Jenny Roy has always loved working with kids and while she was at Acadia for kinesiology she worked with the S.M.I.L.E program where she found a way to mix her two interests together. Now she is a pediatric physiotherapist and works out of the Pelvic Health Clinic in Cole Harbour, NS. Scroll through below to find out her number one tip for parents!
Jenny: “My name is Jenny Roy, and I’m a pediatric physiotherapist. I loved working with kids from a young age – in high school, I was a babysitter, dance teacher and worked at day camps in the summer. I went to Acadia for undergrad and was in the kinesiology program because I had a strong interest in the human body. There, I participated in the S.M.I.L.E. program and developed a huge passion for working with people with special needs. That’s what fueled my decision to go into physiotherapy – I saw it as a way to work with kids and people with physical disabilities, in combination with my interest in science and the body!”
Jenny: “I work at the Pelvic Health Clinic by Erika Burger Physiotherapy in Cole Harbour. I currently work with people aged 0-18 with any ability level. I see typically developing kiddos and teens with injuries, alignment concerns, pain, etc. I also see babies with things like torticollis/plagiocephaly, concerns about gross motor development, difficulty with tummy time, etc. And I love seeing kids and teens with neurodiversity such as cerebral palsy, Down Syndrome, Autism, muscular dystrophy, etc.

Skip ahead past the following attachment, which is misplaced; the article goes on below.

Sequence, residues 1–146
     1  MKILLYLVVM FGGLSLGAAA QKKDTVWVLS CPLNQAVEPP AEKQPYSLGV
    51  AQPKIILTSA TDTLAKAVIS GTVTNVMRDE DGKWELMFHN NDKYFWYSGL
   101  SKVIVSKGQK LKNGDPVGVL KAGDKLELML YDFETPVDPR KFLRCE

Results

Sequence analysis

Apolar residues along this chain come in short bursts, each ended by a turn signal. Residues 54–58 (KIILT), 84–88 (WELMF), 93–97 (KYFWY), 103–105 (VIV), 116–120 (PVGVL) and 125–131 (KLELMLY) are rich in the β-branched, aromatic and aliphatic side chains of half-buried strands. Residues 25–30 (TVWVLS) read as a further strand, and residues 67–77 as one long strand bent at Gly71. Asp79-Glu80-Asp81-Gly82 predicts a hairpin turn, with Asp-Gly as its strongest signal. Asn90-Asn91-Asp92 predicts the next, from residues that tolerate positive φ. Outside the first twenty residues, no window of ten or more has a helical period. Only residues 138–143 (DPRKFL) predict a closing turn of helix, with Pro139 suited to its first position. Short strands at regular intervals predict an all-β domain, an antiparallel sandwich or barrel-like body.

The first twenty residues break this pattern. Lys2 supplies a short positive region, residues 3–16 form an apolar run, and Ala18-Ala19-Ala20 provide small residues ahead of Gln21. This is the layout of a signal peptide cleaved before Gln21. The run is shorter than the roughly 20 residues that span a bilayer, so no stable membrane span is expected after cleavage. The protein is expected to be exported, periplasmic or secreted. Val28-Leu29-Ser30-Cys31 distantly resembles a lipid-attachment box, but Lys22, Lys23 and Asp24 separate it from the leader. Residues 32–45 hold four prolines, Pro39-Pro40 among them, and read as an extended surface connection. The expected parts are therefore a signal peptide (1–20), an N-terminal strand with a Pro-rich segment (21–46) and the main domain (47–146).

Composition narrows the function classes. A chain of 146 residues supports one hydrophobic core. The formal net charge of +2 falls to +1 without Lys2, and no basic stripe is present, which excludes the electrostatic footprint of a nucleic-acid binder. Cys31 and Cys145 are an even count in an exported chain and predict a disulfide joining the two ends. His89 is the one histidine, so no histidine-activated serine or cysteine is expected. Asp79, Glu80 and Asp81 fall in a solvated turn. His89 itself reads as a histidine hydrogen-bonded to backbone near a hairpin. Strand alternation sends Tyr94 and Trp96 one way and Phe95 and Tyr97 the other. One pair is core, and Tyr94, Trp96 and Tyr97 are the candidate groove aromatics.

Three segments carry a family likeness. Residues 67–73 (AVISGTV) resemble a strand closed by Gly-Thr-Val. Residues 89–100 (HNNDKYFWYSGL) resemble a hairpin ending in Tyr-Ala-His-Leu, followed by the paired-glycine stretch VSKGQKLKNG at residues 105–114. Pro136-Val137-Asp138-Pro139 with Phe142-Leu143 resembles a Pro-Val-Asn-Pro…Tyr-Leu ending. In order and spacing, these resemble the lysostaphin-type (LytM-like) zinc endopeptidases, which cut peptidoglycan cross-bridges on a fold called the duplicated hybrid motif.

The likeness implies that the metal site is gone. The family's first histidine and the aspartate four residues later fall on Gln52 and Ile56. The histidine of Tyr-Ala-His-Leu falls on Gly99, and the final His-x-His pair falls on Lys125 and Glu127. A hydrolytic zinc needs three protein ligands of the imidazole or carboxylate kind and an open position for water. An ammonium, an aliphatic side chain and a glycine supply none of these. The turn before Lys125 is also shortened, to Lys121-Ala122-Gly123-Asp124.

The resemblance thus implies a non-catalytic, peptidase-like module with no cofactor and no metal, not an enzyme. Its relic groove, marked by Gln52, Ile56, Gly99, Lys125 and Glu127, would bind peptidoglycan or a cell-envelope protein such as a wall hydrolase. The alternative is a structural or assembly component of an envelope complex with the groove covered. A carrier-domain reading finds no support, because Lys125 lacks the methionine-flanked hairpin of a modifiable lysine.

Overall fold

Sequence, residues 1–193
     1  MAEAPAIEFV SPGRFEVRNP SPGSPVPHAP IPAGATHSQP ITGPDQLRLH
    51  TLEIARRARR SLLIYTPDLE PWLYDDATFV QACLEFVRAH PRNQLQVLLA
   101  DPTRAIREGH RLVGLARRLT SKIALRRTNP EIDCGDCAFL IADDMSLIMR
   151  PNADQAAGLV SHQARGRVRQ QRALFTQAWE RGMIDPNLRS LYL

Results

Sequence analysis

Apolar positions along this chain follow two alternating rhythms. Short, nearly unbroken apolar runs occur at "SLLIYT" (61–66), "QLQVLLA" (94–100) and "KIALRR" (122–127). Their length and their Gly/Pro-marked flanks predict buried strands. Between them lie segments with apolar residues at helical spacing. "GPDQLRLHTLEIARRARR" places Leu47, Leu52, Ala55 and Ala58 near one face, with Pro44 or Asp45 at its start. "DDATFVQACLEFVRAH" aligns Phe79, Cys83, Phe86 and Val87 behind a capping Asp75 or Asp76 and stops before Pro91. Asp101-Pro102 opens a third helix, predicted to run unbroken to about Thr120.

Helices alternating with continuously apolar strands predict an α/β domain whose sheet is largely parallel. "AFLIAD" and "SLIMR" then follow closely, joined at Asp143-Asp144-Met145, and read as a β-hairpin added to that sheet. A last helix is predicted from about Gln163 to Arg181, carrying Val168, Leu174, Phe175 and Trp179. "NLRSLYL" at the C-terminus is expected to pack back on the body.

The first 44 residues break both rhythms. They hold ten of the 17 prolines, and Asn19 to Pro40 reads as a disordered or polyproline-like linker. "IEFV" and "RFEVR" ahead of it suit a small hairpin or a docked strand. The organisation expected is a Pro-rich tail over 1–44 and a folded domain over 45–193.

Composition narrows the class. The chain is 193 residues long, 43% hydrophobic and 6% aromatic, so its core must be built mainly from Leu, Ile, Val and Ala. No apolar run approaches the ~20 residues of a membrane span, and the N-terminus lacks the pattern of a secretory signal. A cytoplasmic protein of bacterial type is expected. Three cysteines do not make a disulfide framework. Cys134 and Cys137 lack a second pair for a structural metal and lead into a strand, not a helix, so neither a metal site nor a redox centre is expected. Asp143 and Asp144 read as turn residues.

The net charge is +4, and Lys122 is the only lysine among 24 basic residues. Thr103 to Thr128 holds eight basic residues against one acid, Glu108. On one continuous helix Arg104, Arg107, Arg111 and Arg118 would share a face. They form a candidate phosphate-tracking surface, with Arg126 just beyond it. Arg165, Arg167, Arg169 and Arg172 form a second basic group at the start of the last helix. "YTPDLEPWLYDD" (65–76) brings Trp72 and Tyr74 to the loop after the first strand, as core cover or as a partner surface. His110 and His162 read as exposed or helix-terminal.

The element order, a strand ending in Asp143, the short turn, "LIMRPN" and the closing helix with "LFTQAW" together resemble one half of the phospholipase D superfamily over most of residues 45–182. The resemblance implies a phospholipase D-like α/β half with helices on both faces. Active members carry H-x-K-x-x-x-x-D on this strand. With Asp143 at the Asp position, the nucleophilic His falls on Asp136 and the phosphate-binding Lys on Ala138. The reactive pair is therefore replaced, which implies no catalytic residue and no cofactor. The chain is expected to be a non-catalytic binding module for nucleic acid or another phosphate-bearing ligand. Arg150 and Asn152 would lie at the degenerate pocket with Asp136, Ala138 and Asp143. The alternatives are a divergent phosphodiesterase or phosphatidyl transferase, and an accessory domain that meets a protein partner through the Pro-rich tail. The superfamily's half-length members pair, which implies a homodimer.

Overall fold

This month, I am training to also become a pelvic floor physiotherapist – so I’ll be able to help women with incontinence issues, pre-and post-natal concerns, etc. Then in September, I’ll be training to be a pediatric pelvic floor physiotherapist – and then will be able to help kids and teens with concerns like bedwetting, daytime incontinence, constipation, etc.! Our clinic’s specialty is pelvic floor physio, so I am so excited to be able to learn from my amazing colleagues and offer a new service for the pediatric population. “
Jenny: “After my kinesiology degree at Acadia, I completed my Master’s degree in Physiotherapy at Dalhousie. From there, I worked for a year in a hospital setting with adults but really wanted to work in pediatrics. So I moved to Ottawa where I worked both in a school setting and a private practice setting for pediatrics. I took extra post-graduate courses in pediatrics, and also had amazing mentorship from other pediatric physios there. Now that I’m back, I’m very excited to be diving into the pelvic floor world of pediatrics! “
Jenny: “I have experience with all ages – my youngest client was 3 weeks old. I see a wide variety of conditions, such as orthopedic concerns (alignment, torticollis, injuries, scoliosis, toe walking…) and neurological concerns (cerebral palsy, Down Syndrome, coordination difficulties, etc.). I also see a lot of kids who are having trouble meeting their gross motor milestones, or are perhaps clumsy or lacking coordination. There also doesn’t have to be anything “wrong” – sometimes parents just want to make sure their little one is on the right track! I’m always happy to assess a baby or child to make sure their development is on track, and give the parent some peace of mind!”
Jenny: “My core values are to make sure my clients feel cared for, and to make physio fun! I try to understand what my clients’ interests are and incorporate them into my sessions – I like to take the physio treatments that I have for them based on the functional goals we have set and turn them into fun activities and games. So if a child comes in and loves Frozen, we might do a Frozen-themed obstacle course incorporating physio exercises. Basically, I want my sessions to look and feel like we are playing – but in actuality, we’re working really hard! For babies – I try to really get the parents involved so that they can incorporate treatment strategies into their daily lives at home, which will make the outcome that much more successful.”